Pemberton commented on the changes by saying that: “Right now, I think it’s more important to get some things out there. Teams have to go home and prepare (for the cooling system alteration), so it will take several hours for them to get ready for this change. The bulletin was about enabling those guys to spend the time to get prepared and come back on Wednesday.”

F1: Team Orders in the Spotlight

September 10, 2010 by  
Filed under News

It seems that Fernando Alonso’s victory at Hockenheim in Germany has sparked much debate, even after the FIA made their decision to drop the charges laid against the Ferrari team. Formula 1 has always been viewed as a team sport, and yet when team decisions were made, Ferrari found themselves in trouble with the World Motor Sport Council. And while the teams might be in a battle against each other when they are on the track, rival teams stood behind Ferrari and gave them their full support while the decisions were being made about the fate of Ferrari.

The International Automobile Federation will still uphold the $100 000 fine given to Ferrari, while not taking any further steps against the team for a lack of evidence. According the federation, team orders are banned and it was felt that Felipe Massa was getting faster lap times than Fernando Alonso prior to Alonso overtaking Massa for the victory. The federation believes that after Ferrari had ordered their drivers to reduce engine speed, the order to increase engine speed again was only given to Alonso and the battle between the team drivers was ended through team orders. The FIA went on to say that it was their understanding that if team orders were not handed out, Massa would more than likely have been the winner of the race.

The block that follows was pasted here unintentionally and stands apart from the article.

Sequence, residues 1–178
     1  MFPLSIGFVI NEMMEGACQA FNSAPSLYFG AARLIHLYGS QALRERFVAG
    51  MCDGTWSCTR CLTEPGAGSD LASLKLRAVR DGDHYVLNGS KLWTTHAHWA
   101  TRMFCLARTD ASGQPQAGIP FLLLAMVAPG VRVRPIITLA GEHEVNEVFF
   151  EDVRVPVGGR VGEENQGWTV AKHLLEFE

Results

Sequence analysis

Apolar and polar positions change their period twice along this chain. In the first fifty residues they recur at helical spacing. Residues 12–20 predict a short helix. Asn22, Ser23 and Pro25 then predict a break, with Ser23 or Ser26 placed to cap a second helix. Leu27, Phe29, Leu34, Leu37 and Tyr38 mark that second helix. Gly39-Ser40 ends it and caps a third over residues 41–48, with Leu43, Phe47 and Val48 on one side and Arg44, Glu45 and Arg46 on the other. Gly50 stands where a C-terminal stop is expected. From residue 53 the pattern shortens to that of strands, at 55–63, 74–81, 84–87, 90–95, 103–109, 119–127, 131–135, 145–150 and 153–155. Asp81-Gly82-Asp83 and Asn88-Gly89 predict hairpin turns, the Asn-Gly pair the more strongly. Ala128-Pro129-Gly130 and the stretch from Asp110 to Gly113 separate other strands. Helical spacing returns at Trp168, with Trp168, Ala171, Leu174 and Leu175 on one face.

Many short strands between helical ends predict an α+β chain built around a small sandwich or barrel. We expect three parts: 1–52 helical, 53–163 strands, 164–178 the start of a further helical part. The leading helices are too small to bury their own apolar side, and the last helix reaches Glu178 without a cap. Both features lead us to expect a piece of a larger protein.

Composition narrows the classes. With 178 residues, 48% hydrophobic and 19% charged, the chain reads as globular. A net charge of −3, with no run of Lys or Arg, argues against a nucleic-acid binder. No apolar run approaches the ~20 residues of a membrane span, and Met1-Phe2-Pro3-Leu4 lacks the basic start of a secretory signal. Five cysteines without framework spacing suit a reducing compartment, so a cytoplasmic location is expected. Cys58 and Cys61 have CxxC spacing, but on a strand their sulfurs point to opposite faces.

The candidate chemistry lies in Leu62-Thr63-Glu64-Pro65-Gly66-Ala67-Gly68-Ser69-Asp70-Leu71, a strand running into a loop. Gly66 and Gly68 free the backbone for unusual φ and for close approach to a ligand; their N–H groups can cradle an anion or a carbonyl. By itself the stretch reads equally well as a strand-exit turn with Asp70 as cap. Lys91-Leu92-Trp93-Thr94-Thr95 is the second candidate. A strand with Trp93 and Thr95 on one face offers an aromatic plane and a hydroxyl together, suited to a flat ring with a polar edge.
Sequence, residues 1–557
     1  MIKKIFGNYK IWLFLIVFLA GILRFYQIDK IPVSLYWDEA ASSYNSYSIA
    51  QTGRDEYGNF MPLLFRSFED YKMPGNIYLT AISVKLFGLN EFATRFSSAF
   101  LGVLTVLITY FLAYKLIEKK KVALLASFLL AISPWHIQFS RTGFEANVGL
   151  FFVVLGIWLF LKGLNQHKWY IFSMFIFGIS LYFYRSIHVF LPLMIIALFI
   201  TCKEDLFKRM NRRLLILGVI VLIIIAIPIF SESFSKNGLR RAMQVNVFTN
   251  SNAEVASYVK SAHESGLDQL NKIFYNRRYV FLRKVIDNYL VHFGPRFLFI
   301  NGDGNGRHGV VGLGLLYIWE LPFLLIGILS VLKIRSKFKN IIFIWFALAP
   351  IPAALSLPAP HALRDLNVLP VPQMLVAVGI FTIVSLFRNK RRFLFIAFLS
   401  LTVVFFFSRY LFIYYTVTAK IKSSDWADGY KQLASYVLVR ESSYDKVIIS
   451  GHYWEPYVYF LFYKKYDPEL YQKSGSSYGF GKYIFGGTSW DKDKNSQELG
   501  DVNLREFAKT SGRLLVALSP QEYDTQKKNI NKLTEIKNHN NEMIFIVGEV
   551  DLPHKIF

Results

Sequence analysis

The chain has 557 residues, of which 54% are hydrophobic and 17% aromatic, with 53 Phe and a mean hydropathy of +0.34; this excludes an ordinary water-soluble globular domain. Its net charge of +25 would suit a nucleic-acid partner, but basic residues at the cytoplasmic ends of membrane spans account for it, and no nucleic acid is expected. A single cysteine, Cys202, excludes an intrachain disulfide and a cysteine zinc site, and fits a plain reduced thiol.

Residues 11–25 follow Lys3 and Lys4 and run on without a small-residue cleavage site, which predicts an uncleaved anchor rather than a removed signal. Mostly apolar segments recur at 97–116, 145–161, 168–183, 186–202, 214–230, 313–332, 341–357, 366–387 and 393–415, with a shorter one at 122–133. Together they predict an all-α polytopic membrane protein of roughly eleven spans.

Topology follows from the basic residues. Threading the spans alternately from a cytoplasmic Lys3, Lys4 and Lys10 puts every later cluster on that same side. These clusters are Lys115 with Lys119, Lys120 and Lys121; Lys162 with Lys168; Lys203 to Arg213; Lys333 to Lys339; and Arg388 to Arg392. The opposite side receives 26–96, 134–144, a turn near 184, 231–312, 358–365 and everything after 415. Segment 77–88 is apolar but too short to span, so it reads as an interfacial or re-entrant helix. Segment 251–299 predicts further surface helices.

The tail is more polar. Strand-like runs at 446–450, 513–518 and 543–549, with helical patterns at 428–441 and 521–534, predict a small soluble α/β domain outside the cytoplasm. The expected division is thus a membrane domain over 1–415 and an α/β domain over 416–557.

Ferrari denied these allegations in their defense, pointing out that based on their information Alonso was indeed gaining on Massa, and that no order was given to Massa to allow Alonso to pass him. They went on to state that giving team orders was very different to working out a strategy and tactics that would benefit the team as a whole, and that clarity on this topic needs to be made. There is no denying that other teams also make decisions on what is best for them, and devise strategies to work towards a victory. However, it is clear that the argument over team orders and team strategy is far from over, as everyone looks towards the FIA to confirm and clarify the distinction between the two.